How to Implement Rate Limiting in Next.js

How to Implement Rate Limiting in Next.js

Learn how to implement rate limiting in Next.js to prevent server overload, enhance security, and ensure fair usage.

Sachin Chaurasiya

Sachin Chaurasiya

Jun 04, 2024 4 min read

In today’s digital world, web services must handle many user requests. But how do they keep their systems fast and reliable? One key method is rate limiting. In this post, we'll explain what rate limiting is, why it matters, and how to use it in a Next.js application.

Table of Contents

  1. What is Rate Limiting?
  2. Why is Rate Limiting Important?
  3. Setting Up a Next.js Project
  4. Adding Rate Limiting to Your API Route
  5. Testing Your Rate Limited API
  6. Bonus Nextjs Jobs
  7. Conclusion

What is Rate Limiting?

Rate limiting controls how many requests a user can make to a service in a certain time frame. Think of it like a bouncer at a club who only lets in a few people at a time to prevent overcrowding. In the same way, rate limiting keeps web services running smoothly and securely by stopping any one user from overloading the system.

Why is Rate Limiting Important?

  1. Prevents Overload: Keeps your servers from being overwhelmed by too many requests, ensuring your service remains fast and responsive.
  2. Enhances Security: Protects against malicious activities like DDoS (Distributed Denial of Service) attacks and brute-force login attempts.
  3. Ensures Fair Usage: Guarantees that all users have fair access to your service, preventing any single user from hogging resources.
  4. Cost Control: Helps users avoid unexpectedly high bills by capping their usage.

Some Examples

  • Weather service API might limit users to 100 requests per minute.
  • Social media platforms might restrict login attempts to 5 per minute.

Setting Up a Next.js Project

First, let's set up a new Next.js project by running the following command

npx create-next-app@latest my-rate-limited-api
cd my-rate-limited-api

Next, install the needed packages for rate limiting

npm install @vercel/kv @upstash/ratelimit

@vercel/kv is a key-value store made for Vercel's platform. It lets you store and get simple key-value pairs quickly. It's great for session storage, caching, and other cases where you need fast data access.

Log in to Vercel, go to the storage tab, and click on Create Database.

Login to Vercel
Log in to Vercel, go to the storage tab, and click on Create Database.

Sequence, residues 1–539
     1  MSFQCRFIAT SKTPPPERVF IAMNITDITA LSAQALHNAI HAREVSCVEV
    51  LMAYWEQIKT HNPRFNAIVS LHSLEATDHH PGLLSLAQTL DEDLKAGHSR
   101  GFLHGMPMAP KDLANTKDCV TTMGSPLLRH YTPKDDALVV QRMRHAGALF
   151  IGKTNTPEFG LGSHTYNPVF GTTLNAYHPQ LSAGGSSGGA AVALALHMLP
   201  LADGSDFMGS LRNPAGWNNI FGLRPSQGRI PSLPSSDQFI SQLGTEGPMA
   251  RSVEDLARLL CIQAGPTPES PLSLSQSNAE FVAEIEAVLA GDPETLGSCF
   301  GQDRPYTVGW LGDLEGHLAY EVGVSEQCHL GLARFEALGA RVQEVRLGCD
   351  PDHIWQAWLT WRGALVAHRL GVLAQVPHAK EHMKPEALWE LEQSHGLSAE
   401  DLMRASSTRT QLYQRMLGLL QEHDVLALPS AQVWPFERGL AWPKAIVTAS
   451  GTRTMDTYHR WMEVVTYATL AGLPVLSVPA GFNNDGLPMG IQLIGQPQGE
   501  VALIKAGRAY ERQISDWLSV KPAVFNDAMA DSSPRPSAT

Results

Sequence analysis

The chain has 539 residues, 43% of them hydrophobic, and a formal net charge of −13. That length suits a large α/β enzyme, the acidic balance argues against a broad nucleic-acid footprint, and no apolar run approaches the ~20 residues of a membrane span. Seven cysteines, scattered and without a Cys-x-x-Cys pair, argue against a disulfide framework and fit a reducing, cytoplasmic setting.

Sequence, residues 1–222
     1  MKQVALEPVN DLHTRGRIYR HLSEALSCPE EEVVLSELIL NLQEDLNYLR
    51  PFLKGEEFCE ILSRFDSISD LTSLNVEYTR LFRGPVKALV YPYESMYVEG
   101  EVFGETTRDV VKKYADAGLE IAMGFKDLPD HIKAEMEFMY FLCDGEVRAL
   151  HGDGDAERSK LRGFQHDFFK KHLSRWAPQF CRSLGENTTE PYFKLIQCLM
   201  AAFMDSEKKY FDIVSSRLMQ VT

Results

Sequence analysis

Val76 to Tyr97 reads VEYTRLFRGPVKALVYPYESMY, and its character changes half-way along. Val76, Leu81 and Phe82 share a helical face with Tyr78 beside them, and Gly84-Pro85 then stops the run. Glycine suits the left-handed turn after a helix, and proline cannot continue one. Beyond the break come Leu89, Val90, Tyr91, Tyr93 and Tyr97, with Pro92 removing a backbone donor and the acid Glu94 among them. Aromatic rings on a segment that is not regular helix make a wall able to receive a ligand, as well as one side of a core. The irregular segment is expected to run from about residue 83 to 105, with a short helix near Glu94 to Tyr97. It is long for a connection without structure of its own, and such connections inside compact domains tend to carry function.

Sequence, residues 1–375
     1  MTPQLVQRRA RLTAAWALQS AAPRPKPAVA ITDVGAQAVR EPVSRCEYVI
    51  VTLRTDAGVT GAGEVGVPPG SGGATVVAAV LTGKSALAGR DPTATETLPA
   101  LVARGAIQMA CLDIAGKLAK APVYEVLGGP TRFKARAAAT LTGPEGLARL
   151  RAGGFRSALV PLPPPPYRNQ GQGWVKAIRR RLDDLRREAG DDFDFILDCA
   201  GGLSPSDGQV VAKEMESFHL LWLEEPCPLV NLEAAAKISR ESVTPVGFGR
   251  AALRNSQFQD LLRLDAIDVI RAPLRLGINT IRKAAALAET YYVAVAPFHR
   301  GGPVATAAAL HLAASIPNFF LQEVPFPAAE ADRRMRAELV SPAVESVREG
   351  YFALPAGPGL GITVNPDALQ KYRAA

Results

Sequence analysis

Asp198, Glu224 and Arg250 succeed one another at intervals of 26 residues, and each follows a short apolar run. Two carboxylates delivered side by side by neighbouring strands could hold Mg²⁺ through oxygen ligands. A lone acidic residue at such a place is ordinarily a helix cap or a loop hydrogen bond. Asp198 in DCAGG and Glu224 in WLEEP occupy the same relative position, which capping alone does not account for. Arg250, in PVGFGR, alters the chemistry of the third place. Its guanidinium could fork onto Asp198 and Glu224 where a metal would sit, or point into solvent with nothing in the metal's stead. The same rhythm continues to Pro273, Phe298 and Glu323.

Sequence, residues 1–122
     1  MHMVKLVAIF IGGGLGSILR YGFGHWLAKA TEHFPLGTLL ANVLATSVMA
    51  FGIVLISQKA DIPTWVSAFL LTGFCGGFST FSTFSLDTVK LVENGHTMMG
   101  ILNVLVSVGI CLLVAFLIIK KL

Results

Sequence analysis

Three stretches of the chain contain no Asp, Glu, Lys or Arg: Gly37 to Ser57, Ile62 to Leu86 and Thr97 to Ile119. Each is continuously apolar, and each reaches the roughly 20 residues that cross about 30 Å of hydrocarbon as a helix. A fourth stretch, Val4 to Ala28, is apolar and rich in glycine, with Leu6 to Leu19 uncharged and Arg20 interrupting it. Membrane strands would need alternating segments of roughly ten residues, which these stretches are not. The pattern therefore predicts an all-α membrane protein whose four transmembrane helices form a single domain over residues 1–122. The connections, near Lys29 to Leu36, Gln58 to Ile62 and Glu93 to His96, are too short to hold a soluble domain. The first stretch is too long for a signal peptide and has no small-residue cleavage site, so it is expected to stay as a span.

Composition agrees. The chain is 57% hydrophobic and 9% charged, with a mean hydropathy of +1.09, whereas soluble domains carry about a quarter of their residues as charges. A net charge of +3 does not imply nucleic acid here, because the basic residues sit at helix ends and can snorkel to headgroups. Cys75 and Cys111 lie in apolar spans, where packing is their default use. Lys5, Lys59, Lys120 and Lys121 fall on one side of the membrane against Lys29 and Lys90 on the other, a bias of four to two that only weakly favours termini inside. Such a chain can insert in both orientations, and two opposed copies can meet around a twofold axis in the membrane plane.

Create a KV storage, get the secrets, and add them to the .env file.

// .env


@upstash/ratelimit is a powerful HTTP-based rate limiting library that supports various algorithms. It helps prevent misuse and ensures fair use of your web services. It supports methods like fixed window, sliding window, and token bucket, making it flexible for different needs.

Adding Rate Limiting to Your API Route

Let's create a simple API route in Next.js and add rate limiting to it.

Create a new API route In the pages/api directory, create a file called hello.ts

// pages/api/hello.ts

import { Ratelimit } from '@upstash/ratelimit';
import { kv } from '@vercel/kv';
import { NextRequest, NextResponse } from 'next/server';

// Create a new rateLimit instance
const rateLimit = new Ratelimit({
	redis: kv, // Use Vercel KV for storage
	limiter: Ratelimit.slidingWindow(5, '1m'), // Limit to 5 requests per minute

// set the runtime to edge so that the function runs on the edge
export const runtime = 'edge';

export default async function handler(request: NextRequest) {
	// Get the IP address of the user

	const ip = request.headers['x-forwarded-for'];

	// Check if the user has reached their rate limit
	const { success } = await rateLimit.limit(`ratelimit_${ip}`);

	if (!success) {
		return NextResponse.json(
				message: 'Too many requests, please try again later.',
				status: 429,

	return NextResponse.json(
			message: 'Hello, World!',
			status: 200,
  • We import @vercel/kv and @upstash/ratelimit.
  • We initialize the rate limiter with Ratelimit.slidingWindow(5, '1m'), which allows 5 requests per minute.
  • In the API handler, we get the user's IP address and check the rate limit.
  • If the limit is exceeded, we respond with a 429 Too Many Requests status.
  • Otherwise, we respond with a friendly message.

Testing Your Rate Limited API

To test your API, run the development server

npm run dev

Then, make requests to the API endpoint /api/hello. You can use tools like curl or Postman to send multiple requests and observe the rate limiting in action.

curl http://localhost:3000/api/hello

After making 5 requests within a minute, you should start receiving the 429 Too Many Requests response.

Bonus: Nextjs Jobs

If you are looking for new opportunity, you must check Software Developer Jobs on Peerlist


Rate limiting is a simple but effective way to keep your web services reliable and secure. By adding rate limiting to your Next.js API routes, you can prevent server overload, improve security, ensure fair usage, and control costs.

I hope this guide helps you. If you have any questions or need more help, feel free to reach out. Thanks to Peerlist for the opportunity to share this post.